Research

Infectious Disease

Infectious disease research in FHM includes microbiology and parasitology, ranging from vector-borne diseases to environmental pathogens. This includes experimental work on organisms causing leishmaniasis and trypanosomiasis (major burdens or ill-health and disability in resource poor countries) and the ecology of waterborne pathogens, as well as the application of spatial analysis to predict the environmental distribution of pathogens.

Research areas

Particular research areas within the infectious disease theme include:

  • Tropical infectious diseases – leishmaniasis, African trypanosomiasis, South American trypanosomiasis, dengue fever
  • Insect vectors of tropical diseases – sand flies and mosquitoes
  • Environmental and gastro-intestinal microbiology – Mycobacterium avium paratuberculosis and intestinal bacterial fauna
  • Spatial analysis to predict the environmental distribution of pathogens – loaiasis, leptospirosis, malaria, meningitis

Research successes

Notable research successes include:

Researchers

Researchers working in this area, together with a short description of their research interests, are listed below.

  • Professor Paul Bates: Leishmania life cycle biology and transmission, novel agents of leishmaniasis in Ghana, Thailand and Brazil
  • Professor Peter Diggle: statistical modelling of spatial and temporal variation in disease risk, including loaiasis in Africa, leptospirosis in Brazil; malaria in Malawi and meningitis epidemic forecasting in sub-Saharan Africa
  • Dr Rod Dillon: Leishmania - sand fly interactions, functional genomics of insect vectors, insect microbiology and microbial ecology
  • Dr Derek Gatherer: bioinformatics applied to genomics and evolution of viruses, Leishmania and other microbes
  • Dr Michael Ginger: biochemistry and cell biology of metabolism in Trypanosoma brucei and Leishmania, environmental influences and metabolic diversity in microbial eukaryotes
  • Dr Karen Grant: identification, characterisation and validation of novel drug targets for the medically important protozoan parasites, Leishmania and Trypanosoma brucei, with a particular emphasis on protein kinases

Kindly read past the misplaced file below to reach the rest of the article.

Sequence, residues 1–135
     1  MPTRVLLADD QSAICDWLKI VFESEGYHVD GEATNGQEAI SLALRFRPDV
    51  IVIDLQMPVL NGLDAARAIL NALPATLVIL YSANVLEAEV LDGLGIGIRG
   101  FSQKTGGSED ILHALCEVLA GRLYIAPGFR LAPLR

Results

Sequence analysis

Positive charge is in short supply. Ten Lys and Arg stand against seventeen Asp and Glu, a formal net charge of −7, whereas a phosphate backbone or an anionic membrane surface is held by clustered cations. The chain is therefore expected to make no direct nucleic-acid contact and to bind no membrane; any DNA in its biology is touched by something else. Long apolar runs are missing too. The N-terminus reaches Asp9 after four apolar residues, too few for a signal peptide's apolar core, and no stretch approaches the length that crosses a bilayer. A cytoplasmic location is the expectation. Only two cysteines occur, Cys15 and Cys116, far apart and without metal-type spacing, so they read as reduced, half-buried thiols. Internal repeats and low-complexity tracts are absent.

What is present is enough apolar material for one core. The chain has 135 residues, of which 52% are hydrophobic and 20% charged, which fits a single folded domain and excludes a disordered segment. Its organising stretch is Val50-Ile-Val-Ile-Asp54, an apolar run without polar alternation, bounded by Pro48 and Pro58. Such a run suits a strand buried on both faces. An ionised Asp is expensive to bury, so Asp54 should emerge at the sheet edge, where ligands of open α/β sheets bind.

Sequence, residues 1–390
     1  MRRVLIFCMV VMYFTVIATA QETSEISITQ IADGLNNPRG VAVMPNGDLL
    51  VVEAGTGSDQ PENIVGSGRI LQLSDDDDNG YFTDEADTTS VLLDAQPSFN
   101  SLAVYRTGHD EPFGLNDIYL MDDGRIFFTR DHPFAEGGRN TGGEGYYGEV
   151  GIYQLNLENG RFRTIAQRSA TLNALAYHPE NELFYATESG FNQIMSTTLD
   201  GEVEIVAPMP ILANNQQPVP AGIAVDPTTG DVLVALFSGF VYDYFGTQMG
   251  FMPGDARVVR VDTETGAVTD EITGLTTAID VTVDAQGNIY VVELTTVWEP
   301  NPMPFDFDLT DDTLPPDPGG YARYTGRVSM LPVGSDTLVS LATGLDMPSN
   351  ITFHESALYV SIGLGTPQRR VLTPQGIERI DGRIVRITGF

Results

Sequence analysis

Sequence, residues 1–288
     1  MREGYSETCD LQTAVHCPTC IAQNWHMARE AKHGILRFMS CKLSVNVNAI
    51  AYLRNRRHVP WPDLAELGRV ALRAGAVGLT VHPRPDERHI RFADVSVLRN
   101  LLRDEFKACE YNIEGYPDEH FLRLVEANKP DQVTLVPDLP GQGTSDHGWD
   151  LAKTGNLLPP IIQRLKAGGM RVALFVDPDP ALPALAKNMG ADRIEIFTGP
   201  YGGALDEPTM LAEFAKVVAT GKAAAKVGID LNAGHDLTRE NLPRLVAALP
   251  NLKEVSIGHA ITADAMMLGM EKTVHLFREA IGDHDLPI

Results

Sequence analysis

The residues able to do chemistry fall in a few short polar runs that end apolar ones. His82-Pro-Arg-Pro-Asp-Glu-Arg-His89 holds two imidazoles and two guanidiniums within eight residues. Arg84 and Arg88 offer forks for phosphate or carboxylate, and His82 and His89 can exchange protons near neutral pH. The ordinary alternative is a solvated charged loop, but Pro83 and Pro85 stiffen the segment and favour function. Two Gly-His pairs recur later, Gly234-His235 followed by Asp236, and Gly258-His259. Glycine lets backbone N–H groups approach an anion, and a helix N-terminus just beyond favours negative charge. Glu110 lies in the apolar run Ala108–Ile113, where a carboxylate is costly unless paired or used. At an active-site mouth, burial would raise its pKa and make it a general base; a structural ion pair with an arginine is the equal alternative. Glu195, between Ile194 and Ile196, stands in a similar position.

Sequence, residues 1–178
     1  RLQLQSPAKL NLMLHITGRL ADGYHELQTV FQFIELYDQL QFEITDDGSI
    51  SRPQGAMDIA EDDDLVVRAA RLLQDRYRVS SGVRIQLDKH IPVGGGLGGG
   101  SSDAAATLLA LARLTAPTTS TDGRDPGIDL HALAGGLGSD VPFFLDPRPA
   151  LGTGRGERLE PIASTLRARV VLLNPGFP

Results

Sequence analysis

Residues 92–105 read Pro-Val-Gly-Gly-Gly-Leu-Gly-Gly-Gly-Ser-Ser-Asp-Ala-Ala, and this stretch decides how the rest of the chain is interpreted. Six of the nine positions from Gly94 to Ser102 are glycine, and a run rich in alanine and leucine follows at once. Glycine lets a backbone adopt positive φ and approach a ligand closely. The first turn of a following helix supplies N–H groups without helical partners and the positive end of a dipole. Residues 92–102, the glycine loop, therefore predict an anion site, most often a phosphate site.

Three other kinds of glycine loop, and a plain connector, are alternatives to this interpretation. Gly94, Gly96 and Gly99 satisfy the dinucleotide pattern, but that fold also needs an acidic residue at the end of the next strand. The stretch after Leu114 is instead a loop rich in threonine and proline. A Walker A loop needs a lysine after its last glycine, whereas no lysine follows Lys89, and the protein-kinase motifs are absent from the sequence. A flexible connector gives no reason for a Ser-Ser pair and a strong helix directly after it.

• Dr Paul McKean: the role of novel microtubule associated proteins in regulating cytoskeletal dynamics and cellular morphogenesis in trypanosomes, protein targeting and assembly of the trypanosome flagellum
  • Dr Jackie Parry: protozoan-bacterial, and viral-cyanobacterial, interactions in freshwater, both in the plankton and also within biofilms
  • Professor Roger Pickup: Mycobacterium avium subspecies paratuberculosis (Map) and inflammatory bowel disease, antibiotic resistance in hospitals and nature
  • Dr Rachael Rigby: mechanisms of intestinal epithelial cell renewal and repair and how bacterial signals may be linked to the dysregulation of repair seen inflammatory bowel disease and cancer
  • Dr Stephen Roberts: regulation of ion transport across the biological membranes of plant and fungal cells, calcium signalling in filamentous fungi
  • Professor Steve Sinkins: interactions between mosquitoes and Wolbachia inherited intracellular bacteria, and the exploitation of these as novel methods of vector control for malaria, lymphatic filariasis and dengue fever
  • Dr Mick Urbaniak: Signalling pathways and early stage drug discovery in the African trypanosome Trypanosoma brucei
  • Dr Karen Wright: microbial interactions at the gut epithelium surface and the cellular and molecular mechanisms of the cannabinoid system

 

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